By venturing into biopic territory, Nolan’s hands were tied with what he could create. He did manage to have an impact with Dunkirk, but that was a war film that allowed him the creative liberty to experiment. Audiences heading into the theaters, hoping for something like Interstellar, Inception, The Prestige, or Tenet may remain disappointed.
Those hoping for more time on the immediate fallout of Hiroshima and Nagasaki could find fault, but that does get covered.
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Should you watch Oppenheimer?
A Nolan film has the wow factor, astounding visuals, and a unique vision in direction. It is the latter that comes through the most in Oppenheimer, with the simultaneous narratives. The Trinity project visual is there and the wow factor comes in for the dialogues.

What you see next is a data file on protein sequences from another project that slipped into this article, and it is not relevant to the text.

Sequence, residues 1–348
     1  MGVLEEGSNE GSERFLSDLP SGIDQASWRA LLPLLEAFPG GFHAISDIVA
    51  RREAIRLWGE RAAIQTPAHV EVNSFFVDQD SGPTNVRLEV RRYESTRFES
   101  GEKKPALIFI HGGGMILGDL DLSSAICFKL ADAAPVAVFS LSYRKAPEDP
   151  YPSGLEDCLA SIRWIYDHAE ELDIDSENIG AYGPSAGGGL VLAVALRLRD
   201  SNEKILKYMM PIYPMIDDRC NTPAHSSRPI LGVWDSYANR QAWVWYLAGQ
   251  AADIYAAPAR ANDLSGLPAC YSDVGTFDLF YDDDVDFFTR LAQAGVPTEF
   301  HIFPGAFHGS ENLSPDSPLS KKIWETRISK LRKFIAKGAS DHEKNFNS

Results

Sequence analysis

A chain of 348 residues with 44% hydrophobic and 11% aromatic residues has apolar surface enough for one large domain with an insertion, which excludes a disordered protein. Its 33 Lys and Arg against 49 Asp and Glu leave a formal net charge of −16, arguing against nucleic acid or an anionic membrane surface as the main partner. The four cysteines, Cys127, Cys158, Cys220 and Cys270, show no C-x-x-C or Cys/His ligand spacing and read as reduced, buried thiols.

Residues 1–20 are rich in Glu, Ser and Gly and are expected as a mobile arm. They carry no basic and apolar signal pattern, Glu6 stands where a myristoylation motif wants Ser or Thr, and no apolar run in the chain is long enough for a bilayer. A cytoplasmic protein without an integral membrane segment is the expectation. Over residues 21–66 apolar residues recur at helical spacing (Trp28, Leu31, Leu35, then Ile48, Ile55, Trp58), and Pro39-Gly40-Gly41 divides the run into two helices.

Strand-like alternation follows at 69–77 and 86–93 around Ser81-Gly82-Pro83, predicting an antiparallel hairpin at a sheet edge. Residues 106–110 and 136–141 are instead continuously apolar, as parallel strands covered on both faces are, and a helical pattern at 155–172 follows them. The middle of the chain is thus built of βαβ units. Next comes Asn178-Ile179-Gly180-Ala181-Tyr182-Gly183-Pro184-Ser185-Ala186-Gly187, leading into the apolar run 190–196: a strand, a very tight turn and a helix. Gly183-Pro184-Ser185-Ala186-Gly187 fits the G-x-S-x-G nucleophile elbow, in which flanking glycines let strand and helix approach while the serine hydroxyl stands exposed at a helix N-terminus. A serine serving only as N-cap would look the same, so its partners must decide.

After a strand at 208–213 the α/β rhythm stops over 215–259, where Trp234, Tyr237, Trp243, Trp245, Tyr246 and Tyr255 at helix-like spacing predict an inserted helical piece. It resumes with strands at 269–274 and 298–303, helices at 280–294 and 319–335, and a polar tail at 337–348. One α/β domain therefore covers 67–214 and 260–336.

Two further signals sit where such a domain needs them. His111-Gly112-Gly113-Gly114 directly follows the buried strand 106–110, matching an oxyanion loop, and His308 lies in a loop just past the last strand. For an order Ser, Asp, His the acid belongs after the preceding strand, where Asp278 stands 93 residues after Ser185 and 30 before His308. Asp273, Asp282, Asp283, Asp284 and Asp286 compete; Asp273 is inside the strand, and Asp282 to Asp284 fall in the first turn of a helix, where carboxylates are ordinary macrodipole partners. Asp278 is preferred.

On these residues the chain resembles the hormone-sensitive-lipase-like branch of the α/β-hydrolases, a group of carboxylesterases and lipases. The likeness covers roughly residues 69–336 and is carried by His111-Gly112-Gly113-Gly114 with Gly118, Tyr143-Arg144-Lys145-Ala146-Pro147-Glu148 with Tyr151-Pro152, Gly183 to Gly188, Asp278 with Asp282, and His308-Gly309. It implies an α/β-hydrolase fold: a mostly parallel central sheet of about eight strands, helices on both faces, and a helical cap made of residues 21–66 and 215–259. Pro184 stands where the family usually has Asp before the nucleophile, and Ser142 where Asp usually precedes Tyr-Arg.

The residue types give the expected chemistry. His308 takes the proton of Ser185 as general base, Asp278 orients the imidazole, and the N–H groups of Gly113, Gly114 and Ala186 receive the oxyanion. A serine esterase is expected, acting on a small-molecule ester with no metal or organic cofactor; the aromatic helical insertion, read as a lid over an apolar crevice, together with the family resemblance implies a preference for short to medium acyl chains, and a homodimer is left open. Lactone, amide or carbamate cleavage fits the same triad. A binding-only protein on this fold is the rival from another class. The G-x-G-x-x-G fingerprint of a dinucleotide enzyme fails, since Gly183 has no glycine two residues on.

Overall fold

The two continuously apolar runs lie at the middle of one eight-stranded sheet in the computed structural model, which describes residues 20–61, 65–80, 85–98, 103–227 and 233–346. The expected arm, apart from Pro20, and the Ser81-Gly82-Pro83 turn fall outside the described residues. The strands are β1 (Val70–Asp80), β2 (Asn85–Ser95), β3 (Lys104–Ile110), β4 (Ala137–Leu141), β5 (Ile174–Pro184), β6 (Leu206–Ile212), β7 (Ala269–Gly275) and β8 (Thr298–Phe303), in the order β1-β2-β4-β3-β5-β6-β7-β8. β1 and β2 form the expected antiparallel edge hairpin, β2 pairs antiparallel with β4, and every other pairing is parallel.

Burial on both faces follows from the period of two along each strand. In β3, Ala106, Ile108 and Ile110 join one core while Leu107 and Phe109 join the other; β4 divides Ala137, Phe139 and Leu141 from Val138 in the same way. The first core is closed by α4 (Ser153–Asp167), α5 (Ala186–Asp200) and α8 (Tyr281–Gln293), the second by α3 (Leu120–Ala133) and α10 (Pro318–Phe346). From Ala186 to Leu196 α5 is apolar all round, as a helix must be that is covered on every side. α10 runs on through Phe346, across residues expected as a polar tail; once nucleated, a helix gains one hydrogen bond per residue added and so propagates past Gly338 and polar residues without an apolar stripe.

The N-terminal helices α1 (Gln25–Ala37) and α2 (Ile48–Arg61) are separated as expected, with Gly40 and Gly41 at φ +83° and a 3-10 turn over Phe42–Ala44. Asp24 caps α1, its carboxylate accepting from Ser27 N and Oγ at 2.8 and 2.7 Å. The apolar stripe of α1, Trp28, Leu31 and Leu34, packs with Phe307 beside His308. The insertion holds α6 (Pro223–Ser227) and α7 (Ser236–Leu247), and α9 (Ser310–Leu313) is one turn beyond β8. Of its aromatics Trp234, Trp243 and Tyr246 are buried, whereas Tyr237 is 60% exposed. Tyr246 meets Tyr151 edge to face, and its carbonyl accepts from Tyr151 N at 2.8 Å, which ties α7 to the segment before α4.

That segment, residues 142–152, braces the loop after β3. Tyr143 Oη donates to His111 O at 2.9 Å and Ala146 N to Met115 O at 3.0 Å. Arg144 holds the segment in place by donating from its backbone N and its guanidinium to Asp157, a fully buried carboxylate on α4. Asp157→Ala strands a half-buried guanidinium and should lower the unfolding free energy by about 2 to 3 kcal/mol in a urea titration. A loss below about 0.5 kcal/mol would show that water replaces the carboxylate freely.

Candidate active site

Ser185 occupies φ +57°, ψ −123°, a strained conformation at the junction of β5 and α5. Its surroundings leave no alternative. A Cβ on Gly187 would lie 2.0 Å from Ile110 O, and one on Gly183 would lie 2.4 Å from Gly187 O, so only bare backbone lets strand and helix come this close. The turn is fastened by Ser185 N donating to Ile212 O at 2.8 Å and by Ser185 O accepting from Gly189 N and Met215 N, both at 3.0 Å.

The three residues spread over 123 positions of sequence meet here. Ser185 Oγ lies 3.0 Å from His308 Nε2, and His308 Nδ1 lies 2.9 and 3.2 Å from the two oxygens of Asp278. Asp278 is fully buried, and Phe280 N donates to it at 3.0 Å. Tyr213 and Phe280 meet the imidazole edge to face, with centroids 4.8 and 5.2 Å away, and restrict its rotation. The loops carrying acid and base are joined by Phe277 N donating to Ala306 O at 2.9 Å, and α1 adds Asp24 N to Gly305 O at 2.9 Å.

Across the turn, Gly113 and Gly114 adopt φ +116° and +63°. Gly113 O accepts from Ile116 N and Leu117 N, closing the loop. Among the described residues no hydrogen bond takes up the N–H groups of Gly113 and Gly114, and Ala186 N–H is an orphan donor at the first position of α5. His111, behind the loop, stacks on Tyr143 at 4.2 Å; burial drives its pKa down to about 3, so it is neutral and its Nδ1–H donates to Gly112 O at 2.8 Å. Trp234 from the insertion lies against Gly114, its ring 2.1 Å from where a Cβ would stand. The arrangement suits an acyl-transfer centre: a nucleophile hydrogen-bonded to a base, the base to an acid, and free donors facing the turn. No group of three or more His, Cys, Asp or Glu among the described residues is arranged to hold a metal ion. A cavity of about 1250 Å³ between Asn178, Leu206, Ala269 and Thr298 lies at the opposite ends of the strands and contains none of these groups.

Watch this film for the performances of Cillian Murphy, Emily Blunt, and Robert Downey Jr. The latter, at the very least, will secure an Oscar. Could there be more? Oppenheimer is set to have a good box office run, and Nolan’s name could propel it in the award swing. It’s also safe to say that the studio could use its funds to ensure these individuals get recognition.
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Here’s hoping this film is recognized now rather than later just for audiences, and guilds to feel good about themselves. Oppenheimer is an intense, well-acted, and gripping glimpse into the “destroyer of worlds.“